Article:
The quick-release fertilizer is a starter fertilizer. This is placed in an area where the new grass seed will be planted. The NPK ratio of the starter fertilizer is typically a bit higher in Phosphorous. Quick-release fertilizers bring a strong hit of nutrients, sometimes too strong for the wrong grass type.

Homeowners that plant a new lawn need to be very careful about herbicides inside a fertilizer. Both cool season grass and warm season grass that is newly planted will struggle with weed killer as it will work against the new seed. Keep your soil moist, hand pull weeds, and properly prep the area if you want to prevent things like crabgrass and other invasive weeds.

  • Regular / Slow-Release Fertilizers
    • Pros
      • Lower chance of burning the new lawn
      • It can help improve the overall strength of the turf
      • Options for all types of grass, including bluegrass, zoysia, tall fescue, ryegrass, and more
      • Will green up the lawn in a few weeks
      • Works with both new sod and grass seedlings
    • Cons
      • It can take longer to work than a quick release
  • Starter / Quick-Release
    • Pros
      • The right option for starting a new lawn
      • It can sometimes be combined with a crabgrass preventer before starting the new lawn
      • Quick results
    • Cons
      • It should not be applied to a newly established lawn
      • Incorrect fertilizer application can lead to landscaping issues and grass dying

How to Apply Fertilizer to New Grass

Now that you have a better idea of what fertilizer can do for your new lawn and whether or not this is positive, it’s time to take a look at the best way to apply fertilizer to a new lawn. For this process, we are going to start at the beginning as there are two opportunities for fertilization that need to be addressed.

Step 1: Test Soil and Prepare Area for Planting

When you have decided on the area of your lawn where you want to plant new turf, you must first test the soil and prepare the area for planting. This soil test is simple to do and can be done at a local garden center. Take a look at where your soil stands and what amendments it may need. Most turf can use a little dolomite lime to help get it where it needs to be.

Step 2: Apply Starter Fertilizer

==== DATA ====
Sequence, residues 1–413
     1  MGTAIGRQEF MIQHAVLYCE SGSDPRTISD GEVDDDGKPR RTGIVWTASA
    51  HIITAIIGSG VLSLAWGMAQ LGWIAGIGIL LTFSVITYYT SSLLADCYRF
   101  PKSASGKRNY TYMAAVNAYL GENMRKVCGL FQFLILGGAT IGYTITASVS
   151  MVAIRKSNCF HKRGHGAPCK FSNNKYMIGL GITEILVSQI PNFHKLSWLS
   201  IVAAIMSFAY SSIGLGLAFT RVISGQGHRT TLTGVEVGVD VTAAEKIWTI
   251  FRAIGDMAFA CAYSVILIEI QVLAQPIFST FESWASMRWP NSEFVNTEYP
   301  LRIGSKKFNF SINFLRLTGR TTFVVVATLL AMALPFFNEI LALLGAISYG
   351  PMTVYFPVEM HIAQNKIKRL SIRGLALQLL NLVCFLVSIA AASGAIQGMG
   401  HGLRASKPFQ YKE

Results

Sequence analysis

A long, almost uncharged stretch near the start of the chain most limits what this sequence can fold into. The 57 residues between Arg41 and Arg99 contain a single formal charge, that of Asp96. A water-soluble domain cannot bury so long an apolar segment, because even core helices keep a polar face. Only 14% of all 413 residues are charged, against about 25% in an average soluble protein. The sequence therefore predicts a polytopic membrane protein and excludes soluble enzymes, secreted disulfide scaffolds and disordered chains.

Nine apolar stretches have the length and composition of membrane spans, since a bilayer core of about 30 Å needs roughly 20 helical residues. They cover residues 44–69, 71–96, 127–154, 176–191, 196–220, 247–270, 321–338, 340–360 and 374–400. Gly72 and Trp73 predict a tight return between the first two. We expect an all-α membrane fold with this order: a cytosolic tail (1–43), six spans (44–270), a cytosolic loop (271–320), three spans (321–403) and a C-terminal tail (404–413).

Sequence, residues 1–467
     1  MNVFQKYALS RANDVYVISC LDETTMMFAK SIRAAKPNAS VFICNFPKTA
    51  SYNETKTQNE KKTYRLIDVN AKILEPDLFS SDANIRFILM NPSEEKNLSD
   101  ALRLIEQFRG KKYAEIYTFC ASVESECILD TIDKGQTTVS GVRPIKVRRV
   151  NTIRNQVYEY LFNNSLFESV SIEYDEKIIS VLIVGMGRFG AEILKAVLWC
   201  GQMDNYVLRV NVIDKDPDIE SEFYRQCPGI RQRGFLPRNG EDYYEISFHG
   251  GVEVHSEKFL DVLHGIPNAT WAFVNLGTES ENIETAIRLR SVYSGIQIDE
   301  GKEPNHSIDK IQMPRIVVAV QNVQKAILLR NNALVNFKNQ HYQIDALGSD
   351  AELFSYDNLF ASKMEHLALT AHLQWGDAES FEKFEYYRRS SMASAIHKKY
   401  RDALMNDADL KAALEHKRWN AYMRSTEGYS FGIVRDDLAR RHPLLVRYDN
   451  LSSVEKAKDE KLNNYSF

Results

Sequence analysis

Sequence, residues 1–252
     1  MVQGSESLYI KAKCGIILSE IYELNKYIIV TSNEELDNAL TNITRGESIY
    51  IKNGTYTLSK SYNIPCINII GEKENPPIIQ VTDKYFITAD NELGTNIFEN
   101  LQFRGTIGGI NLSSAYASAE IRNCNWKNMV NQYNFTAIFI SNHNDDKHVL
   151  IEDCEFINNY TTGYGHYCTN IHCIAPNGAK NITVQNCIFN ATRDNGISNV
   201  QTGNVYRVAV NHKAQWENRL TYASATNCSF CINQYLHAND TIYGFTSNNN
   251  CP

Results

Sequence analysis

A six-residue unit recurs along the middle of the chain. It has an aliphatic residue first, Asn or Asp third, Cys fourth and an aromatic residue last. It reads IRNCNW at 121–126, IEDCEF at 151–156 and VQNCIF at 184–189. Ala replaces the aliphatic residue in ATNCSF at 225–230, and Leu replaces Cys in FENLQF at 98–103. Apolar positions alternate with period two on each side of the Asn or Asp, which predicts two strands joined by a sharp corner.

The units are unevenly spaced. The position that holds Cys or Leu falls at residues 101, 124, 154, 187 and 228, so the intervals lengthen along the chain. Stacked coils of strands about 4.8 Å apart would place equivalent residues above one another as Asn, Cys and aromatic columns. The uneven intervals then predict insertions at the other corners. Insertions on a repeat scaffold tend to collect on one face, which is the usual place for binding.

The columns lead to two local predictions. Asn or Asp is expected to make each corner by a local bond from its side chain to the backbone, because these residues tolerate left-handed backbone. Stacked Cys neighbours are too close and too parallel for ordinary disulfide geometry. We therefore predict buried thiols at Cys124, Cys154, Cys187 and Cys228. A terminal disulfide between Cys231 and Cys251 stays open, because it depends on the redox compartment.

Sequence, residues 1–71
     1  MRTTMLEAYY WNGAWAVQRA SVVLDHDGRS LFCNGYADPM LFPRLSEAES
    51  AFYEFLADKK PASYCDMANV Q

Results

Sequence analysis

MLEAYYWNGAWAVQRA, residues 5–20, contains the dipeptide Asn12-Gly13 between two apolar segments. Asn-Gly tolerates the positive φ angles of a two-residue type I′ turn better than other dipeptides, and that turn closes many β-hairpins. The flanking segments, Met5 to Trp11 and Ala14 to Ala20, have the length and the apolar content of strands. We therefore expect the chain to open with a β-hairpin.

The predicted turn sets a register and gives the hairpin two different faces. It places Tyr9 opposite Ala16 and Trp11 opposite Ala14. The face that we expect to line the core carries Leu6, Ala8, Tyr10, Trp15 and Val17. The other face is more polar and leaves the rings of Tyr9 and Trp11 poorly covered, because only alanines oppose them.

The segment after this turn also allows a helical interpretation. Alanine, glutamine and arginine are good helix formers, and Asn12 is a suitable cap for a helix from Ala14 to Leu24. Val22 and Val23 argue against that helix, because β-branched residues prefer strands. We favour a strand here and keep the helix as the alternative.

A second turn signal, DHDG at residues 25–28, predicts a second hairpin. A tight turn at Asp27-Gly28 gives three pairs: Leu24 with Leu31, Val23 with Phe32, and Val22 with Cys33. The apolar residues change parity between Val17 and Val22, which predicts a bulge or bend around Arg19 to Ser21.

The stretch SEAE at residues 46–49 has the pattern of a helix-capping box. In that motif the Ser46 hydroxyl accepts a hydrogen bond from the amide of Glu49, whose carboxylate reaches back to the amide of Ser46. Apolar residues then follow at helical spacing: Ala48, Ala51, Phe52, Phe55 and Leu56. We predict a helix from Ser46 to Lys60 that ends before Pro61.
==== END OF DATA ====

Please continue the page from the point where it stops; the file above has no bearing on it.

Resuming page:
Once you have tested the soil, raked it out, and removed any existing weeds or old turf, you can then apply a starter fertilizer. Remember, the starter fertilizer is a quick-release option that is applied with a broadcast spreader before planting the seed. Once this is in place, you can start seeding your new lawn.

Step 3: Plant Grass

Once you have applied the starter fertilizer, it’s time to plant your grass seed. Use our guide for how to plant grass seed to help you understand this process, how to make sure you apply enough seed per sq. ft., and much more.

Step 4: Maintain and Mow

After a few weeks, you should be starting to see your grass grow and become stronger. At this point, you will want to watch water application rates and be sure that you are carefully watering the lawn with what it needs. In addition, wait until the grass reaches optimal mowing height and ensure that you give it its first cut.

Step 5: Apply Slow Release Fertilizer

We recommend doing another soil test before the final fertilizer application. If you can, check the weather to ensure that you will not apply the fertilizer right before a large storm. The runoff of the fertilizer into other areas of the lawn or out into the street is not a good thing.

Slow-release fertilizer like Scotts TurfBuilder is a great option as long as no herbicides are included in the product.

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Step 6: Monitor and Reapply

The last step in this process is to monitor your new grass and reapply fertilizer if necessary. Many times overseeding, aeration, and reapplication of fertilizer are needed in the fall, especially the first year you plant your new lawn. Continue to take soil tests and ensure that there are no other amendments to the soil that could help your grass grow.

DIY vs. Professional Lawn Care

Now that you have a basic idea of what goes into the fertilization process for new grass seed, you may be wondering if this is something you would like to do or if it’s best to hire a professional. There are positives and negatives to both sides here.

Lawn fertilization takes a bit of planning. You must know how many square feet of turf you have, and you must have a way to purchase the products you need and apply them. This can take some time and a bit of understanding of NPK ratios.

A professional lawn care service like TruGreen will come to your home, give a free estimate and determine exactly what needs to be done. The process of working with TruGreen is incredibly easy, and with more than 15 years in the industry, they know exactly what your issues are with having to complete this process on your own.

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Final Thoughts

We hope you can now understand this process of fertilization for new grass. The key takeaway here is that fertilizer will not kill your new grass; you must be smart about approaching this process. Do not put a quick-release fertilizer down just after planting, and don’t overdo it with the wrong ratio by not being smart about NPK formulas. If you do a little research and follow the proper steps, you will see very few issues with this process.